Common Law Marriage In Alabama
When thinking of marriage in the traditional sense, there are two components that come to mind. There would be a ceremony conducted by a public or religious official, and a marriage license would be established. A common law marriage is a relationship with the absence of those two elements.
The AL legislature abolished common law marriages, effective January 1, 2017. Problems sometimes occur when only one party acknowledges the relationship as a marriage, particularly as it relates to marital benefits. In these instances, the courts are challenged to make a determination of validity, which invites evidence that may be largely speculative and open to interpretation.
Representative Mike Jones (Andalusia) introduced the bill and Governor Bentley has signed it into law. Common law marriages achieved prior to 2017 shall remain valid.
Marriage Requirements in AL
- Those that are 16 or 17 years old must present their birth certificates and be accompanied by both parents; if a parent(s) is deceased, evidence of such must be provided.
- Those that are 18 years of age must provide a governmentally issued picture ID and pay a filing fee.
- Once the license is provided, it must be completed by the individual performing the ceremony (or court representative) and returned within 30 days.
- Probate Court staff records the marriage, and the license may be used to execute changing of a name.
Elements of Common Law Marriage
These unions are legally recognized despite the lack of a marriage license. The law requires that both individuals have the mental capacity to enter this union, show marital intent, and acknowledge the marriage publicly. There is not a fixed threshold of time that the couple must cohabitate to establish this type of marriage. Lawmakers cite difficulties when one party denies the marriage’s existence and courts must seek documentation such as joint bank accounts and property ownership as proof. The remaining states that recognize new common law marriages are Colorado, Iowa, Kansas, Montana, Rhode Island, South Carolina, Texas, Utah, and Washington D.C.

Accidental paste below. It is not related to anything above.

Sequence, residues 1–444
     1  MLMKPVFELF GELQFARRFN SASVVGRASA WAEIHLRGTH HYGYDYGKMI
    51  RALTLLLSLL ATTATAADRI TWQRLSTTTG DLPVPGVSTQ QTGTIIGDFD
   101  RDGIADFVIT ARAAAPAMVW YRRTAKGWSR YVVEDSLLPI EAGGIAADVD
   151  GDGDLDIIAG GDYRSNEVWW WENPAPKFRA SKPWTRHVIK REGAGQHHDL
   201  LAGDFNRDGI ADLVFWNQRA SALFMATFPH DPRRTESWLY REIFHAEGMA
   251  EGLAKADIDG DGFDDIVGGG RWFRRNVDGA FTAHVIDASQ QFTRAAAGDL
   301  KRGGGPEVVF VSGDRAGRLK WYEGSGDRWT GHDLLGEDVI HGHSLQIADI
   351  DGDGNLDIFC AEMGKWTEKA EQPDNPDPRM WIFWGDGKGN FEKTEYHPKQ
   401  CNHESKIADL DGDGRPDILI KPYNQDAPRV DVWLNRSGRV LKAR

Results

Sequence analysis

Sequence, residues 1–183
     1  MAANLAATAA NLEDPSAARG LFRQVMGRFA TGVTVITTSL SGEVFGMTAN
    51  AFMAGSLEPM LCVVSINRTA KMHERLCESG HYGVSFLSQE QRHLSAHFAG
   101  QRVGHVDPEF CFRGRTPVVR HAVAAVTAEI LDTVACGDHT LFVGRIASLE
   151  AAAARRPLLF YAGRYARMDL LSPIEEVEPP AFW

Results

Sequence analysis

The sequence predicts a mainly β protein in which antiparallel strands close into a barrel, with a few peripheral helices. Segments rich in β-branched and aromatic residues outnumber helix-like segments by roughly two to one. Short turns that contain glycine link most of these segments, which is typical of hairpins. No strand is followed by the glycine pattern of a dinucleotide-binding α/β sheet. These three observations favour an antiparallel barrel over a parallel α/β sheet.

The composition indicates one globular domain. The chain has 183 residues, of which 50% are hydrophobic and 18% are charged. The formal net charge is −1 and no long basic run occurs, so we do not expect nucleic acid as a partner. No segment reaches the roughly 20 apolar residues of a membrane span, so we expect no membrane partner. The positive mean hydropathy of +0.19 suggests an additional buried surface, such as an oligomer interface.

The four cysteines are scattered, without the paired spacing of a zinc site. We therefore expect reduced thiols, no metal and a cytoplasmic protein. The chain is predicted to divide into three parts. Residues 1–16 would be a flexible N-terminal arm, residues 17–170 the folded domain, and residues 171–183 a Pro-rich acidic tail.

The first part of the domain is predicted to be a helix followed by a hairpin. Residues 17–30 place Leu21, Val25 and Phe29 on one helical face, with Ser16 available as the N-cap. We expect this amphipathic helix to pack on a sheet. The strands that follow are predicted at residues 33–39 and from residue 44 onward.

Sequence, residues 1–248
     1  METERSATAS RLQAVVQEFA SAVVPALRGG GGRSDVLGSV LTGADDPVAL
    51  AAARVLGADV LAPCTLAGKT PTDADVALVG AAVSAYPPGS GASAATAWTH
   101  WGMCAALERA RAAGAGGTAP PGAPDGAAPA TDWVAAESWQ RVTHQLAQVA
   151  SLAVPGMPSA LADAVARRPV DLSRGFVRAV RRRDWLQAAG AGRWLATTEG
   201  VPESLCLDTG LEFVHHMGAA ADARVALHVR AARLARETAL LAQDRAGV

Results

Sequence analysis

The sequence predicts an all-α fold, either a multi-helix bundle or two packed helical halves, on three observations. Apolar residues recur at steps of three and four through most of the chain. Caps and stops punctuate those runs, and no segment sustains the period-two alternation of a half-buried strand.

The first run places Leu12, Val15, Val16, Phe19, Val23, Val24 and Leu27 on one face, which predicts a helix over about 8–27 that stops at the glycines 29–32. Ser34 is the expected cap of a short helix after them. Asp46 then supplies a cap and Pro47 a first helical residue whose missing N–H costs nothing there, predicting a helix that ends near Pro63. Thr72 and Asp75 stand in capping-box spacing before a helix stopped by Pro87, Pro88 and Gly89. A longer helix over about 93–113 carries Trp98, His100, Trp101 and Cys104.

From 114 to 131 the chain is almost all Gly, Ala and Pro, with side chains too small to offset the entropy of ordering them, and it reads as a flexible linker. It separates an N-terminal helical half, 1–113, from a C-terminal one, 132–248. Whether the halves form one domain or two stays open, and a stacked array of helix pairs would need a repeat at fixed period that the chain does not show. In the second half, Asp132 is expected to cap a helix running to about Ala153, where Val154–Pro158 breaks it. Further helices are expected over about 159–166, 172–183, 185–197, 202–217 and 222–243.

Eligibility for Retirement & Death Benefits
The question of whether a common law spouse of police and firefighters is entitled to benefits of active or retired plan participants is clearly addressed in Alabama law. Spouses are required to produce evidence of a marriage license, and children must provide birth certificates as evidence. The retirement board is responsible for confirming or denying eligibility for benefits in common law situations. They may require affidavits from people that can acknowledge the marriage and may involve indemnification and agreements to hold harmless.
Many matters involving cases of family law are often emotional and challenging. At the Guster Law Firm, LLC, we clearly recognize the importance of sensitivity in resolving such issues. We have been assisting clients in Birmingham for many years with a wide range of actions.
Contact our office today at (205) 581-9777 for a complimentary consultation.